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Published August 16 2013

Attorneys argue about campaign contributions from coal interests to ND PSC members

BISMARCK – Environmental groups sparred with state and federal regulators in court here Friday over whether North Dakota should be stripped of its authority to regulate the coal-mining industry, raising questions about campaign contributions from coal company officials to the elected Public Service Commission members who oversee the industry.

“We need an untainted commission,” said Carrie La Seur, the attorney representing the Dacotah Chapter of the Sierra Club and the Dakota Resource Council, a group made up mostly of landowners and small-business owners.

Attorney Paul Seby, who argued on behalf of the PSC, called La Seur’s statement “inflammatory.” He stressed repeatedly that campaign contributions accepted since 2006 by commissioners Brian Kalk and Kevin Cramer – now North Dakota’s lone U.S. congressman – were legal donations from individuals who, while maybe affiliated with coal companies, did not constitute corporations.

“But in order to avoid the appearance of impropriety, it’s probably not prudent,” U.S. District Judge Daniel Hovland interjected, prompting Seby to reply that “nowhere is that the test” of law.

Hovland heard arguments on two separate cases filed by the Sierra Club and DRC in May 2012 in federal court in Bismarck.

Their case against U.S. Secretary of the Interior Sally Jewell stems from a dispute that dates back to 2008 and involves opponents of a proposed coal mine near South Heart, about 10 miles west of Dickinson.

The opponents claimed that thousands of dollars in campaign contributions to Kalk and Cramer from coal company owners, directors, employees and their spouses violated a conflict-of-interest provision in federal law.

Their lawsuit asks the judge to compel Jewell to withdraw approval of North Dakota’s surface mining program until it’s brought into full compliance with the Surface Mining Control and Reclamation Act of 1977. The act allows states to assume responsibility for regulating coal mining as long as their regulations are at least as stringent as federal regulations. North Dakota began regulating coal mining operations in the state in 1983.

Joanna Brinkman, a lawyer for the Interior Department, said the federal Office of Surface Mining Reclamation and Enforcement (OSM) has never found that a state program failed to meet federal standards. It has removed a state program and replaced it with federal jurisdiction only once, in Tennessee, where lawmakers repealed the state’s entire surface mining program, she said, calling it an “extreme” and “extraordinary” measure.

La Seur acknowledged that temporarily replacing the state program with the federal one “may be a severe remedy,” but she said the plaintiffs could find no other language in federal law to require the Interior secretary to correct the PSC’s actions.

Wayde Schafer, organizer of the Sierra Club’s North Dakota chapter, said the lack of response from OSM to the conflict-of-interest concerns raised by club members in 2011 forced their hand.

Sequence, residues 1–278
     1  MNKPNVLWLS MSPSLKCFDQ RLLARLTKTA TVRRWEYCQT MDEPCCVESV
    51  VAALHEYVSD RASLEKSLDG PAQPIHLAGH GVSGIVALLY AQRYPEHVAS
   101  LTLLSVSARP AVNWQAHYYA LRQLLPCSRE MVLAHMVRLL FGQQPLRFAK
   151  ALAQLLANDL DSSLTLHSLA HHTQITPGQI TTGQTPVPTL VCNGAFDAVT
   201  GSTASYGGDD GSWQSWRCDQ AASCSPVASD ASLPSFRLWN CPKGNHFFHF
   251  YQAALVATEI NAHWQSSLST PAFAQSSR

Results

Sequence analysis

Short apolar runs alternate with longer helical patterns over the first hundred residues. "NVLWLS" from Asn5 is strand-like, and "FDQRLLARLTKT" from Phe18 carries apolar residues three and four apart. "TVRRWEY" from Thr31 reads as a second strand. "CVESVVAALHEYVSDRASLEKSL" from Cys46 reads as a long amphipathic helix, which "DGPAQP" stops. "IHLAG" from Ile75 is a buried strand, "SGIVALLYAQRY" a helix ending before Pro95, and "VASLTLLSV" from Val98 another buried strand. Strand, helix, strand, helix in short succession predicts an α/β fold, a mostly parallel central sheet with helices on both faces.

“We tried. They ignored us. What are you going to do?” he said after the hearing.

Brinkman said OSM’s response may have gotten a bit “bogged down” in bureaucracy, but she said a response was “in process” when OSM received the Sierra Club’s notice of intent to sue.

The surface mining act’s conflict-of-interest provision states employees can’t solicit or accept “directly or indirectly” anything of monetary value from a coal company regulated by the state regulatory authority or that “has interests that may be substantially affected by the performance or non-performance of the employee’s official duty.

La Seur said that to argue the campaign gifts were from coal company officials and not the coal companies themselves “reads the word ‘indirectly’ out of the rule.”

Brinkman said OSM concluded that the contributions didn’t violate the surface mining act, and she noted the lawsuit doesn’t challenge the legality of the contributions but rather seeks to have the Interior secretary withdraw approval of the state program.

“In doing so, plaintiffs have assumed the truth of their own allegations,” she said.

Brinkman and Seby also argued that the plaintiffs missed the statute of limitations for raising their legal challenges and that there has been no injury to the plaintiffs because the South Heart Mine hasn’t been permitted.

They asked that the case be dismissed, and they’re seeking the same outcome for the other case argued Friday. In that case, the Dakota Resource Council contends that memorandums, or “guidance documents,” approved by the PSC over the past three decades should have been submitted to OSM for review to determine if they required an amendment to the state program, which would open them up to public scrutiny and judicial review. Seby argued that such memos are “merely elaborative” of existing regulations and are a common practice among administrative agencies.

Seby has billed the state for about $150,000 in legal fees so far to defend against the lawsuits, according to PSC records. The state has reserved the right to seek attorney fees if it prevails, he noted.

“This is a tremendous drain and distraction from the state, and the state doesn’t intend to lose these cases,” he said.

Hovland took both cases under advisement and said he expects to rule on them within a month. His rulings may be appealed.

“One side or the other is not going to be pleased with my decision,” he said.

Readers can reach Forum reporter

Mike Nowatzki at (701) 241-5528